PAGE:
The Rivals Queens features two Queens, who coincidentally were also mother and daughter. The infamous Catherine de’ Medici and her perhaps equally infamous daughter Margaret of France have both led extraordinary lives.
Catherine de’ Medici was born on 13 April 1519 as the daughter of Lorenzo II de’ Medici and Madeleine de la Tour D’Auvergne in Florence. She married at the age of 14 to the future Henry II of France on 28 October 1533. They became King and Queen of France in 1547. It took Catherine and Henry ten years to conceive children, most likely due to the fact that Henry preferred his mistresses over Catherine. They eventually went on to have ten children; seven would live to adulthood. Catherine would act as regent for all her surviving sons when her husband died after a jousting accident in July 1559. Three of her sons became Kings of France, though none would produce legitimate male issue. She died on .5 January 1589 and is buried in the Basilica of St. Denis in Paris.
One of those children was Margaret. She was born on 14 May 1553 at the Château de Saint-Germain-en-Laye near Paris. She had an interesting personality from the start and even had an affair at a young age with Henry of Guise for which she was severely beaten by Catherine. 19-year-old Margaret married Henry of Navarre in 1572. He was also a first prince of the blood and was in line for the succession to the crown of France after her brothers. Her marriage to the protestant Henry was quite difficult for the Catholic Margaret and the St. Bartholomew’s Day massacre of the visiting protestants just days after her marriage did nothing to improve that. The marriage was particularly unsuccessful as both husband and wife kept lovers. After masterminding a coup, Margaret was imprisoned for 18 years, and she used that time to write her memoirs. She became Queen of France after all three of brothers died without sons, but Henry eventually divorced her to produce an heir with Marie de’ Medici, though she kept her title of Queen. She died on 27 March 1615 and was buried in the Basilica of St. Denis.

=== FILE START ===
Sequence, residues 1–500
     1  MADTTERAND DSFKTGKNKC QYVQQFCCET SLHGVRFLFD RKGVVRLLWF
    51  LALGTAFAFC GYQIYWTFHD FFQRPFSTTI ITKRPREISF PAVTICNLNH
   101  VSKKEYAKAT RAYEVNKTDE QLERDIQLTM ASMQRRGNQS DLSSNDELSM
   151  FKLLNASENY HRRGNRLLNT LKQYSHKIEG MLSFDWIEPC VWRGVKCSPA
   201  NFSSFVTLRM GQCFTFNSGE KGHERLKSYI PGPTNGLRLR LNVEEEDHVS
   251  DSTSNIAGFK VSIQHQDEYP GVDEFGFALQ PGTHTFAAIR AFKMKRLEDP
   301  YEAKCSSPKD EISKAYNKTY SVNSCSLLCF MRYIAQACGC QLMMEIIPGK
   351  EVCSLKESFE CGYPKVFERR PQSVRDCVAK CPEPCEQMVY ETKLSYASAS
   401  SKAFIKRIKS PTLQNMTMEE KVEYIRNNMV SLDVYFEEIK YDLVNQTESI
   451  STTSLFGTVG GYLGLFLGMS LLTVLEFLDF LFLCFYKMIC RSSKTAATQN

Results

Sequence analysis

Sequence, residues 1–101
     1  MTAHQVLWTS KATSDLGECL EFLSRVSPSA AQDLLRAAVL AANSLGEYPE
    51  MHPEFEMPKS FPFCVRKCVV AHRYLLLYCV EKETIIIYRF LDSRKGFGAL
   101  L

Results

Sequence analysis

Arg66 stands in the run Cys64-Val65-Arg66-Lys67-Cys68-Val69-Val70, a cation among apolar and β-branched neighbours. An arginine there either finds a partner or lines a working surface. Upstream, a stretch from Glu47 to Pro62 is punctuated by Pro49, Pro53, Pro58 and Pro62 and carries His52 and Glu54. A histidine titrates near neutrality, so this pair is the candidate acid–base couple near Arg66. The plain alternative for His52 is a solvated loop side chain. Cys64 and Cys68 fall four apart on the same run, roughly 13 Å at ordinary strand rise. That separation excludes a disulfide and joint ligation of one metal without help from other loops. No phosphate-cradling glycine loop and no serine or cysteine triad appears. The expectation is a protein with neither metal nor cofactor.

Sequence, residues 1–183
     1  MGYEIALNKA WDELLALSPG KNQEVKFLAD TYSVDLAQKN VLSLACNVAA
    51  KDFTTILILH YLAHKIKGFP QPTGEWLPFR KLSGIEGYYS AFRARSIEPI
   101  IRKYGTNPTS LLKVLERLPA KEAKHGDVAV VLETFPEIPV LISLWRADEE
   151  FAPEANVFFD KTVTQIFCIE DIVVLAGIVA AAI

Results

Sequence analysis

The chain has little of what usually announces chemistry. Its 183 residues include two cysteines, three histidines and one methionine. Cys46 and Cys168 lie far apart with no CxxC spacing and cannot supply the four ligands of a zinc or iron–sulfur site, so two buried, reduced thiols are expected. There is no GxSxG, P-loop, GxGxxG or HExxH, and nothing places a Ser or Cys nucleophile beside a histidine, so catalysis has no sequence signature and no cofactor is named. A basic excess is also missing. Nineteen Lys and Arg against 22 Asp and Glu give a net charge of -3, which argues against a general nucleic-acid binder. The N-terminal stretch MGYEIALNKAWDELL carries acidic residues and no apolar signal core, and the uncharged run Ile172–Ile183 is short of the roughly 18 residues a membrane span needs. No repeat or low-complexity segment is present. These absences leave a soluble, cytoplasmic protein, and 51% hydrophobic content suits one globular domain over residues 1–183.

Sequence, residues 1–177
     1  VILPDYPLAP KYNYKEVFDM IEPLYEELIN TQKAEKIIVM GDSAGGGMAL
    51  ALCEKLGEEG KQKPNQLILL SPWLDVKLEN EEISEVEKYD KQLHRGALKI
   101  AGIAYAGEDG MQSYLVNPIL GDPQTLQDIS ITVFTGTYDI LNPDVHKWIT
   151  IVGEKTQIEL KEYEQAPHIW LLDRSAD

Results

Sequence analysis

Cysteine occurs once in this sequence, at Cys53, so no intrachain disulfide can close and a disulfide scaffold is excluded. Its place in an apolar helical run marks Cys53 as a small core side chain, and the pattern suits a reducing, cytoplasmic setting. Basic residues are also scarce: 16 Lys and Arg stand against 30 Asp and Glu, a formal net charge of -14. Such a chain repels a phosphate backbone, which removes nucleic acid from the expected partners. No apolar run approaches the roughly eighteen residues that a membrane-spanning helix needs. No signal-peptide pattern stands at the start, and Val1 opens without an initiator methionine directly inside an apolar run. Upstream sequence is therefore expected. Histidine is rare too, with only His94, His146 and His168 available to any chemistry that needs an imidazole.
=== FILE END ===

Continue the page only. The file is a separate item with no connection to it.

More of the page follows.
The Rival Queens is an excellent book which naturally begins with Catherine de’ Medici difficult start in life and at the French court. I was very happy to read some things I didn’t know yet about her, and her difficult start actually made her more human to me, as she is often represented as a cold-hearted woman. Daughter Margaret was an even bigger enigma to me. Her forced marriage to Henry and her imprisonment makes her a woman to be pitied, but she took the time to write her memoirs, which survive today and I plan to devour one day. I really enjoy Nancy Goldstone’s style of writing, and I’ve read other books by her. She truly manages to bring these women to life.